“What’s a nicer word instead of the opposite, if you were being mathematical?”

Asking students to do something again, better, can be a powerful way to help them grasp and act upon their teacher’s high expectations. As this video of Dani Quinn (‘10 ambassador) shows, it can also be an effective way to reinforce their understanding and use of key terms in the subject.

Having selected a student at random (using lollipop sticks), Dani receives a correct answer to the problem immediately. She asks for an explanation, checking this was more than a lucky guess and ensuring that all students can follow the steps in reaching the answer. It is clear that Dani has a specific mathematical response in mind. Although the student’s next answer is right, rather than settling for it, she pushes him to use “a nicer”, “more mathematical” word than “the opposite”. Since he struggles to recall the word required she passes the question on to a peer, but once the correct term – “the inverse” – has been identified, Dani returns to the first student and asks him to repeat his answer.
One strength of Dani’s teaching which makes this possible is the culture of error she has created. Dani emphasises that it’s safe to be wrong throughout, both through her smiling probes and reminder of her own error earlier in the lesson: “How would you have worked this out had I not been very silly?” Her challenge manages to combine a gentle, firm request for revision and a clear indication of the change needed. The overall confidence Dani imbues in her students is shown in both the student’s initial answer, “I know that…” and his willingness to keep trying throughout the clip, until he achieves success.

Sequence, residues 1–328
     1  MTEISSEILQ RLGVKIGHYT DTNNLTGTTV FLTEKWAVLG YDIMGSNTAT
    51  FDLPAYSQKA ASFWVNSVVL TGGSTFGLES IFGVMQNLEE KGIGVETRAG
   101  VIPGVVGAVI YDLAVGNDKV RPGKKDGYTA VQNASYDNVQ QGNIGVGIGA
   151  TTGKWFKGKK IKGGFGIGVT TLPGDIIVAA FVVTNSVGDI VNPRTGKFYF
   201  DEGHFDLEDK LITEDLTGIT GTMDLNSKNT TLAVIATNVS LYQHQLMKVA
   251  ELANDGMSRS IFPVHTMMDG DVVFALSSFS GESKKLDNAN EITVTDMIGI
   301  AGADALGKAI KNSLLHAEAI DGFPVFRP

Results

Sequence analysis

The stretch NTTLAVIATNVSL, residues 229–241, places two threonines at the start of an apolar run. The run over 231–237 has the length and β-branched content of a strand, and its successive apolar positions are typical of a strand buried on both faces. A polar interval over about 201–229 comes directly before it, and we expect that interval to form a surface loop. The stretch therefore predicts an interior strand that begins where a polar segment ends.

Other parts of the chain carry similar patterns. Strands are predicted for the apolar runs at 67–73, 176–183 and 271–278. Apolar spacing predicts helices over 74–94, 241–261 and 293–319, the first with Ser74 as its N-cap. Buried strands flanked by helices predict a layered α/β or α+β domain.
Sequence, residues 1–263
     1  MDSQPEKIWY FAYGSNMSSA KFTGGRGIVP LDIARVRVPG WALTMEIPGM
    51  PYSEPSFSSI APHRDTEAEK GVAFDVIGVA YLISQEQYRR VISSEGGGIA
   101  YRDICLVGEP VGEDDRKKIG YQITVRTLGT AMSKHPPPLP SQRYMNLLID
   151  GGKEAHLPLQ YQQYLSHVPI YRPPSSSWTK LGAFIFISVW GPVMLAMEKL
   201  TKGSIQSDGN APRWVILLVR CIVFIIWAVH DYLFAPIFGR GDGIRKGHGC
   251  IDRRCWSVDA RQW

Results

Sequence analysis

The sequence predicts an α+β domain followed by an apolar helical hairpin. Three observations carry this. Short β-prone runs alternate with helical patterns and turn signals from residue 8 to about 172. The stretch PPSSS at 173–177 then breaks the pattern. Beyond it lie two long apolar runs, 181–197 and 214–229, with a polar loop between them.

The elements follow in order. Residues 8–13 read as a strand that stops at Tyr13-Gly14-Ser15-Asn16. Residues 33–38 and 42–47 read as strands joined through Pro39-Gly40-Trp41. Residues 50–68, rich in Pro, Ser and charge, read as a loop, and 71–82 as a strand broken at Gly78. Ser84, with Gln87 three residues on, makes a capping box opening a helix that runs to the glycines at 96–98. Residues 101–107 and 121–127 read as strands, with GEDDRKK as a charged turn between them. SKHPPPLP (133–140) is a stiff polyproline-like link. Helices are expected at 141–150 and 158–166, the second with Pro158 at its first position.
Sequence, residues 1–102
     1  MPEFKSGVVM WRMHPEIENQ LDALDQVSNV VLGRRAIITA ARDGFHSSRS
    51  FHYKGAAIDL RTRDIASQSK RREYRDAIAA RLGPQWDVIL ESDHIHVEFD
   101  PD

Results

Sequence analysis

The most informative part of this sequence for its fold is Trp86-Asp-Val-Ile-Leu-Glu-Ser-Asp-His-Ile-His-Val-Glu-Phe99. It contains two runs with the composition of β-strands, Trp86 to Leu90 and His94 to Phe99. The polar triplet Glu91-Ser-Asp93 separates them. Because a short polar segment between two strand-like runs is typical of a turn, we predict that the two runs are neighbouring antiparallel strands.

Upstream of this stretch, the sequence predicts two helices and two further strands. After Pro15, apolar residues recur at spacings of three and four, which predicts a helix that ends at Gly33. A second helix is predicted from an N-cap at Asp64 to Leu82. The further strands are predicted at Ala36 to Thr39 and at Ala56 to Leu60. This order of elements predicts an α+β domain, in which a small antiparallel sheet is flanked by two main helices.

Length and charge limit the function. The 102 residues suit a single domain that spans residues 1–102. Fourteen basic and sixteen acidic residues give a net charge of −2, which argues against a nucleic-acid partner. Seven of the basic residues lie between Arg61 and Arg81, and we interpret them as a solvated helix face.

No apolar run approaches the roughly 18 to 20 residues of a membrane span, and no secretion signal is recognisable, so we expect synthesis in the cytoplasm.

Other strengths we noticed in the clip included:
  • By calling on peers for help while also giving the first student three chances to provide an excellent answer, Dani manages to balance the need to involve all students in the lesson with the desire to allow individuals to refine their ideas to high standards.
  • The pace is fast, but a strong classroom culture ensures that the student involved has the time and space to rethink his answer uninterrupted. (Students’ immediate response to Dani’s request at the beginning of the video, when moving from paired to whole-class discussion is also noticeable).
  • Dani moves to face the student whose name has turned up in her lollipop sticks: by doing so, she both emphasises where the class’s focus should lie and manages to face him while retaining sight of the rest of the room.

This clip  demonstrates a way to obtain a well-explained answer, underline the importance of correct mathematical terminology and send a powerful message about excellence through the simple act of returning to the first speaker and asking him to repeat his answer. For teachers, establishing the quality of answer or action they hope to see while planning a lesson and deciding to invite students to do it again until they reach that standard, may help them show students the successes of which they are capable.


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